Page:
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What can crash of Asiana B777 at San Francisco tell us?

July 8, 2013 Aviation, Headline News No Comments Email Email

egtmedia59Investigators are working to understand how an Asiana Airlines B777 flight from Seoul crashed on landing at San Francisco International Airport at the weekend, killing two passengers and injuring more than 180, some critically.

Pilot error is looming large as a possible cause, based on analysis this morning of the aircraft’s “black box” flight recorders.

Reports yesterday said flight OZ 214 from Seoul had 307 people on board, including 16 crew. Of those, 181 were hospitalised or treated for injuries and 123 escaped without injury. Emergency slides were deployed as soon as the plane stopped. The survival rate was high for a major crash and experts acknowledged it could have been much worse.

The plane landed in daylight in fine weather, sunny with a slight breeze. Graphic film footage and eyewitness accounts suggest it landed short of the runway and its tail slammed into a seawall. The plane then skidded along the runway with its tail sheared off and burst into flame.Asiana crash SFO

The cause of the crash has not been determined but pilot error is a strong possibility. The FBI has ruled out terrorism. The plane still had plenty of fuel aboard after the 11-hour flight, as evidenced by the pall of thick black smoke when it burned, visible for kilometres.

Analysis of  flight recorders on the plane by the US National Transportation Safety Board (NTSB) at about 9.30am this morning (Australian time) show that the aircraft  approached the runway at unusually low speed. One of the crew called for more speed about seven seconds before impact. The “stick shaker” (a mechanical device that rapidly and noisily vibrates to warn the pilot of an imminent stall) sounded.

At the very last moment (literally 1.5 seconds before impact) one of the pilots requested a “go-around” – the term for aborting a landing, going around and trying again. But by then it was too late.

Paradoxically, the shock of the crash around the world reflects the fact that commercial passenger flying, particularly on big jets, has become very safe. The crash reminds us how profoundly exceptional such events have become. In decades past, plane crashes happened more often, though there were far fewer commercial airliners flying.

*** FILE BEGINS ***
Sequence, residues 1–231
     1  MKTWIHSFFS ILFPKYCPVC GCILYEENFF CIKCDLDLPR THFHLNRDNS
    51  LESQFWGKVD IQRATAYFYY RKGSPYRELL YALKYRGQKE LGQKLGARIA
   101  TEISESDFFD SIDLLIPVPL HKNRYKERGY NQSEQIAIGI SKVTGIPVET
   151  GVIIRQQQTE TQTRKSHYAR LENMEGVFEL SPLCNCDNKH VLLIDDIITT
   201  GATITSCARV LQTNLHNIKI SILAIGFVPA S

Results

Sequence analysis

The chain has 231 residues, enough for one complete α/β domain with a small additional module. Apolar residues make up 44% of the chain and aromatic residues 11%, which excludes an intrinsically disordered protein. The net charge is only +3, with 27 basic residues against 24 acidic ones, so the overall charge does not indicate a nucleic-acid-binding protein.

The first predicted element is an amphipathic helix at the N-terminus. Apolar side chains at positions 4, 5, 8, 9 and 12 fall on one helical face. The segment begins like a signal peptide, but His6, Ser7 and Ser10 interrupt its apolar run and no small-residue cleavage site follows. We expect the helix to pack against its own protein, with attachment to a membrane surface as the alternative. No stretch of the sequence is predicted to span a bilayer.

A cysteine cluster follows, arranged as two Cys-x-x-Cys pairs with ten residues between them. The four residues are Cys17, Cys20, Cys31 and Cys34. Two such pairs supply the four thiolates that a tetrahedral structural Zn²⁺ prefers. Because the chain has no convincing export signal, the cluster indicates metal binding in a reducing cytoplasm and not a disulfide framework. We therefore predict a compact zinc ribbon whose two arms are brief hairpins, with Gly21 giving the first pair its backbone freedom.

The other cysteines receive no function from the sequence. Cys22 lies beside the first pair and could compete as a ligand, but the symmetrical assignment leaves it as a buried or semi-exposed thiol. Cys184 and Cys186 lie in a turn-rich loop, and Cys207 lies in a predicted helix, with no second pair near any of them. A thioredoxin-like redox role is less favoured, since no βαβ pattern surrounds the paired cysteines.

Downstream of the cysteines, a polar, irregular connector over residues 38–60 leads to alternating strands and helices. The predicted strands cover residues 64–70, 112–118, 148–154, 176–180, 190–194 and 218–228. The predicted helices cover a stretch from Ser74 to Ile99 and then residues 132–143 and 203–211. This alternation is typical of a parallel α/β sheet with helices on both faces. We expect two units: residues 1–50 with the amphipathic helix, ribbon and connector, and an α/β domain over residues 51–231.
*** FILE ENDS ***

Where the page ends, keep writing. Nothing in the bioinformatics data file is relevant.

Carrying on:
The Boeing 777 is considered one of safest planes in operation. More than 1100 are in service and the Asiana crash was the B777’s first fatal accident since the model first took to the skies 18 years ago.

Other big jets are also extremely safe. The B747 has an enviable safety record and the Airbus A340 and A380 have never suffered a fatal crash.

Kevin Hiatt, chief executive of the US-based Flight Safety Foundation, told the US newspaper USA Today that any conclusions about what caused the crash were probably months or years away. But they may arrive before that.

This morning (Australian time) NTSB investigators revealed flight recorder details, as outlined above. Other relevant details are:

  • The NTSB also plans to interview the cockpit crew when practicable.
  • Asiana says the plane was built and purchased by the airline in 2006. The airline knows of no engine or mechanical problems with it.
  • Four pilots were aboard. Asiana chief executive Yoon Young-Doo said they were all veterans, with more than 10,000 hours of flight experience.
  • A ground-based pilot navigational aid called Glide Path was switched off at the time of the crash. It is designed to help pilots make safe descents in bad weather, but the weather was fine at the time of the crash and the system is not necessary for routine landings. Investigators will look that that aspect, however.

Asiana, Korea’s second-largest carrier after Korean Air, is a full-service airline considered both safe and of very high service standard. The new website AirlineRatings.com, which rates airlines for both safety and service, gives Asiana a 7/7 rating – the perfect score, with 7 being the highest achievable in each category: safety and service.

Asiana won the prestigious Airline Of The Year award in 2010, conducted by Skytrax. It also won the Best Overall Airline In The World award from Business Traveler magazine in 2012.

Asiana is one of only seven airlines rated as five-star (for service) by Skytrax, along with All Nippon Airways, Cathay Pacific, Hainan Airlines, Malaysia Airlines, Qatar Airways and Singapore Airlines..

Written by Peter Needham

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